In the prior art, the extension of the inner member of the beam, with respect to the outer member is generally by means of a hydraulic piston and cylinder in which the piston rod is of sufficient diameter and strength to operate as a compression member, in extending the inner part of the boom. This requires a rather costly and heavy mechanism for controlling the relative extension of the inner member with respect to the outer member.
It is a primary object of this invention to provide an extensible boom in which the relative extension of one part with respect to the other part of the boom is controlled by a tension member, rather than by a compression member.
These and other objects are realized and the limitations of the prior art are overcome in this invention by providing a boom having two parts; a first part which is the basic portion of the boom and is of larger transverse dimensions than the second part, which is adapted to slide within the first part. The base of the first part is hinged to a rotatable pedestal which is anchored to a large base or structure, so that the boom can be raised or lowered by appropriate cable and drum.
The second part, or the inner member of the boom, has a crown at its outer end, and includes at least two sheaves therein. A cable drum is provided on the pedestal and includes means to drive the drum. The cable unreels from the drum, passes over a first of the crown sheaves, down under a travelling block and hook, and up and over the second crown sheave.
On the inner end of the second part, there are two sheaves arranged with their axis substantially transverse to the second part and in a vertical plane. In the outer end of the first part there is a third sheave which has a horizontal axis.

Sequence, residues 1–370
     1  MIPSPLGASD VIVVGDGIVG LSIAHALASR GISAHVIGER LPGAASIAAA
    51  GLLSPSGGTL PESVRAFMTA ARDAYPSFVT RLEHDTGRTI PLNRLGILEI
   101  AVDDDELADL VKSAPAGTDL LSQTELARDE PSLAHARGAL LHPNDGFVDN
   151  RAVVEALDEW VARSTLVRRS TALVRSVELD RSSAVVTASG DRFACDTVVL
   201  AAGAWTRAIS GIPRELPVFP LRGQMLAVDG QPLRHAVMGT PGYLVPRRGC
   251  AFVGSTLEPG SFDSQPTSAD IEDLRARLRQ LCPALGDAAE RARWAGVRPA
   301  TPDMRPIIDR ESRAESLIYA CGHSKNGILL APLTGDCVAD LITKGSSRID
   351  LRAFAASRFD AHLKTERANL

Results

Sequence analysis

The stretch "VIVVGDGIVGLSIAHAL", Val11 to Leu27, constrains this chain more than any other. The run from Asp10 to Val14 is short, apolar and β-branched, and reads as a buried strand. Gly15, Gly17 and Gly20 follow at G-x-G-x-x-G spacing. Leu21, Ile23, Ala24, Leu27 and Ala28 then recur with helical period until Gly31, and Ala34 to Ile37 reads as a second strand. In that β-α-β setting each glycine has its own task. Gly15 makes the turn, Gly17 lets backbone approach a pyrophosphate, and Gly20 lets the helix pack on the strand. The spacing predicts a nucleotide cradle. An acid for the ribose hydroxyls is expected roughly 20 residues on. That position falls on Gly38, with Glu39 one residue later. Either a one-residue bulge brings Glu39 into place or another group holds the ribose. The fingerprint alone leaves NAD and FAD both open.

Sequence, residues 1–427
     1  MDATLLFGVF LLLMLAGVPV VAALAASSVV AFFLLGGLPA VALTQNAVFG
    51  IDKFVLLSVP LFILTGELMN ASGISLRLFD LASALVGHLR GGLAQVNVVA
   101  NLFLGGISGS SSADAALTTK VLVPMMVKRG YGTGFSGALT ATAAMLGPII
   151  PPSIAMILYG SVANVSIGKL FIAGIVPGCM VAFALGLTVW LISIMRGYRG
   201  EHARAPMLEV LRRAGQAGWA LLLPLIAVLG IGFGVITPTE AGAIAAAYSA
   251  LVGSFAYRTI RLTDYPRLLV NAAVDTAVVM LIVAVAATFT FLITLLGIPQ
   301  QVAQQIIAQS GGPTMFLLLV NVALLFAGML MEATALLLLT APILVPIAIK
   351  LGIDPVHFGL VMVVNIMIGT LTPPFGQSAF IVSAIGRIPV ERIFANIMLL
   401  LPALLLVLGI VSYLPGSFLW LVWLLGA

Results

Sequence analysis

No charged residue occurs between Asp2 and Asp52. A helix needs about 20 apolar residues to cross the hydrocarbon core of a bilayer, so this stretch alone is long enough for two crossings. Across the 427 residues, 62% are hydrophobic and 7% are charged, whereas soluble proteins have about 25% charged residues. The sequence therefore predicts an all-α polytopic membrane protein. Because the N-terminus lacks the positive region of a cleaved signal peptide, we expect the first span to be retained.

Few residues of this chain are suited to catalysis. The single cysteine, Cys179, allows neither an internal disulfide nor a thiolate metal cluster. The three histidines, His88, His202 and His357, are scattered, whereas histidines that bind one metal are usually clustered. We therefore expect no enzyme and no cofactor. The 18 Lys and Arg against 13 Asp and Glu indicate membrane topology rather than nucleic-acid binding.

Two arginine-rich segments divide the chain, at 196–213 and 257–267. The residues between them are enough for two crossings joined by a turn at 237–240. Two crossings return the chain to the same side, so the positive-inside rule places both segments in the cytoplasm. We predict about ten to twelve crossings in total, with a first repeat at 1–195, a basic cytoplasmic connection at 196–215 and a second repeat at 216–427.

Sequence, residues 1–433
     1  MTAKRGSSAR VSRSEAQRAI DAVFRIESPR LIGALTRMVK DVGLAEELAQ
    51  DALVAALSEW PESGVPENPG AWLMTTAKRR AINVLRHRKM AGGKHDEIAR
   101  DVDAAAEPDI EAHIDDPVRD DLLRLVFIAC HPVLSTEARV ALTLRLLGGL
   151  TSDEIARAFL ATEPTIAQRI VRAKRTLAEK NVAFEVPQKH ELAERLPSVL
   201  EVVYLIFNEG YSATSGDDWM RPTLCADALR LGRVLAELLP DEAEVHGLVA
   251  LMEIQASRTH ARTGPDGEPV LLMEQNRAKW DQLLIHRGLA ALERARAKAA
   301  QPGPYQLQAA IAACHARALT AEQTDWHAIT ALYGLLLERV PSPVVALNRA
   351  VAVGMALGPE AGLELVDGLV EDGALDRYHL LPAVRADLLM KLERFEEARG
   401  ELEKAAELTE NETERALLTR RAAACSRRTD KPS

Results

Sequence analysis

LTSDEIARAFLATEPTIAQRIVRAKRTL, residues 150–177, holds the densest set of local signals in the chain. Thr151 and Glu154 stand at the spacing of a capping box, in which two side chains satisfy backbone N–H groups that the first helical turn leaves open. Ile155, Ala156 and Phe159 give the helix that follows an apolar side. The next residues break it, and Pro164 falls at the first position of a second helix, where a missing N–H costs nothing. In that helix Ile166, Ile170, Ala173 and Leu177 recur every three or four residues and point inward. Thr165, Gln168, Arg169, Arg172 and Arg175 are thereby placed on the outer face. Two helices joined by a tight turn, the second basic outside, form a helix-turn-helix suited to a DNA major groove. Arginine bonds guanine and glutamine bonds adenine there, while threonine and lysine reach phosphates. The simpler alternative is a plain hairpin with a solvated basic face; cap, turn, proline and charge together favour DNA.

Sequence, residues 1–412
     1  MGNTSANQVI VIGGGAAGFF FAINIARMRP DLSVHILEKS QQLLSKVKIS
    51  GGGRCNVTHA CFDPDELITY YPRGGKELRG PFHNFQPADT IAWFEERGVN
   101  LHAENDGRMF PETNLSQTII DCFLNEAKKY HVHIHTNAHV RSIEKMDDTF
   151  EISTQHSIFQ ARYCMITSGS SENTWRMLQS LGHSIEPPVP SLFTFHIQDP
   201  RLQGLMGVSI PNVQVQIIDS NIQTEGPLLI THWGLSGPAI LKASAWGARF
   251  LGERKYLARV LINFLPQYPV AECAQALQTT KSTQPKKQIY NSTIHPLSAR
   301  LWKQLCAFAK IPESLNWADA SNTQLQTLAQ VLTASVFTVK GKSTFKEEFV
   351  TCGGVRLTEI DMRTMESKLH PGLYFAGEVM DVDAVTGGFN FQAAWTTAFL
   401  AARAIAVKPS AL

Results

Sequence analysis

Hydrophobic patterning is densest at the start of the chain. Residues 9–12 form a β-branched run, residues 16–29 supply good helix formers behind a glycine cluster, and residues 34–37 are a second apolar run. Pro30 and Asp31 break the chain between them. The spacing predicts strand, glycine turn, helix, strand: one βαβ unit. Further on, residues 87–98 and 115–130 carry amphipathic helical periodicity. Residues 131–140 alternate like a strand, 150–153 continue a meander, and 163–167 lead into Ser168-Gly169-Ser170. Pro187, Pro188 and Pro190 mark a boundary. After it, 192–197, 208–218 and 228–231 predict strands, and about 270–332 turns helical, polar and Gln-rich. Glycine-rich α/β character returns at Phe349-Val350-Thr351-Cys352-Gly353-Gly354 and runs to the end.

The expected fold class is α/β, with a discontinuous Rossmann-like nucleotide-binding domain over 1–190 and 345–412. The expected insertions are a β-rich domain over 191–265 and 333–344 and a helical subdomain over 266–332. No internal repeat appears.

The line returning from the travelling block which pases over the second crown sheave goes along the side of the boom, and around a first of the two sheaves mounted on the second part of the boom. The cable then moves outwardly along the side of the boom to and around the third sheave back along the side of the boom, around the second sheave in the inner end of the second part, and back out along the side of the boom to an anchor point, near the outer end of the first part of the boom.
With a tension in the cable, it will be clear that the cable passing over the first and second sheaves and around the third sheave will act to pull the sheaves together, namely to move the inner part of the boom outwardly.
With the two sheaves in the end of the inner part of the boom, there will be four lines tending to pull the second part out of the base portion of the boom, while there are two lines supporting a load hanging on the hook. Consequently, there will be a greater force tending to extrude the inner part of the boom, than the force caused by the pulling forces inwardly on the boom itself.
In order to prevent the outer extrusion of the second part of the boom, it is held back by a tension member which connects between the inner end of the second part, to the inner end of the first part. One convenient way of doing this is to provide a long threaded rod, or screw, which passes through an axial nut in the inner end of the second part. The threaded rod is anchored with a thrust bearing at the inner end of the first part, and carries a gear or sprocket so that it can be driven by a power source, selectively in one direction or the other, so as to position the nut on the second part at a selected distance along the base portion of the boom. The rod can be rather small in diameter since it is maintained in tension by the pull of the cables between the first, second and third sheaves.
When there is no load, or course, there is no tendency to compress the two parts of the boom so that the screw is not under compression or tension. Whenever there is a load on the hook, then the tension in the cable will cause the outward force on the second part of the boom due to the tension in the cable around the crown sheaves.
Since a tension member is all that is required, it can be a screw as has just been described, or it can be a hydraulic cylinder with a small diameter piston rod, which acts in tension, or it can be a cable. For example, a pair of multiple sheave blocks can be used with a hand winch or other means to control the position of the second part in respect to the first part of the boom.